Research conducted by Kaiser Permanente presented at a panel discussion Feb. 26 entitled "American Voices - Aligned for Health" in Washington, D.C., analyzed millions of pieces of online data--tweets, posts, and articles--from 3,200 online physicians, 154 health reporters and the 458 members of Congress, and found "significant differences" in what each group talked about.
Perhaps not surprisingly, physicians focused on health education, reporters on the business of health, and Congress on the politics of health.
For instance, Congress and the journalists focused roughly 70 percent more than physicians on insurance and reimbursement topics. Physicians, meanwhile focused on high risk/low effort prevention behaviors--such as hand washing--483 percent more than the politicians.
"We're not saying that we should listen to one or the other or suggesting that any of the groups is right or wrong--all are appropriately focused on different aspects of healthcare for legitimate reasons. However, it's our belief and hope that effectively aligning key influencers around the health stories that are most beneficial for the American public could improve health literacy and, ultimately, our nation's overall health," Robert M. Pearl, M.D., executive director and CEO of The Permanente Medical Group said in its announcement.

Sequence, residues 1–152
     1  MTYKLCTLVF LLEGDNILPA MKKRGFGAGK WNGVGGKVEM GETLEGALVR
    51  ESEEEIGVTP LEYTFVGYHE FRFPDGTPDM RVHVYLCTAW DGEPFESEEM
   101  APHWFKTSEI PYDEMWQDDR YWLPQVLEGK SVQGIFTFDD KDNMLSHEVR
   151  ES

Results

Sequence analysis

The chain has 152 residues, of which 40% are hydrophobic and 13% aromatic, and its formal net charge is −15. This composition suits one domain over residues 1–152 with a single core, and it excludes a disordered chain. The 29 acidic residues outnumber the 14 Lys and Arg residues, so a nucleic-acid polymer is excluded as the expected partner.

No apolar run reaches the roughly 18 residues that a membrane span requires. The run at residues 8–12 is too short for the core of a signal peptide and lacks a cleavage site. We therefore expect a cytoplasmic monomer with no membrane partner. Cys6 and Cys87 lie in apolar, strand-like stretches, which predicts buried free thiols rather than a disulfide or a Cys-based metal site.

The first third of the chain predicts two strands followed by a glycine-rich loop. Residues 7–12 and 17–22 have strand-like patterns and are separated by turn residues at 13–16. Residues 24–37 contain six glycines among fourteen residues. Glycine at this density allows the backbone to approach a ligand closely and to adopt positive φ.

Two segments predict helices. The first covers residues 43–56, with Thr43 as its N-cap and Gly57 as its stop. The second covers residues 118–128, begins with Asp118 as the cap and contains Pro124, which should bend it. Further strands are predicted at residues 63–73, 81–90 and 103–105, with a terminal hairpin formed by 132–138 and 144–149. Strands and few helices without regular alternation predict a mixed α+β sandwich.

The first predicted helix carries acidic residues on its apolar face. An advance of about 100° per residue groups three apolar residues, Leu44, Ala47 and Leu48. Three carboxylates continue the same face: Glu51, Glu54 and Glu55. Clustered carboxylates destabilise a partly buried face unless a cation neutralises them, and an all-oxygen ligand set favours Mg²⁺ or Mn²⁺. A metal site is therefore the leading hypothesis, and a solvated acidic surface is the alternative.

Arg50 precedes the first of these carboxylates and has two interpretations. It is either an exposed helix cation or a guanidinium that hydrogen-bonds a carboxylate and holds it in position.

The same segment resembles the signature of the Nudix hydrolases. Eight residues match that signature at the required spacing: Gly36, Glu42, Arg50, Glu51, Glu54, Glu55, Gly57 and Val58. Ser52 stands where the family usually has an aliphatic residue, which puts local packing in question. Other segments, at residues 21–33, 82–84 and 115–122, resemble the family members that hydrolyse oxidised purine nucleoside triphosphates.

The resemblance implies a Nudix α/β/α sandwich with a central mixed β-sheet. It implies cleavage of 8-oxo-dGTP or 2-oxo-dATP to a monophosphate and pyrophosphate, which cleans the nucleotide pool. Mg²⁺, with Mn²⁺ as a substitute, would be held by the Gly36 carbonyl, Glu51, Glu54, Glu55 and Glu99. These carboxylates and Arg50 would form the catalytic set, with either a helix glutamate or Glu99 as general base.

The panel recommended that communication be more aligned by using more robust and transparent networks, building consensus on the balance between the "most important" health stories, monitoring progress with a public "dashboard," and keeping patient-centeredness first.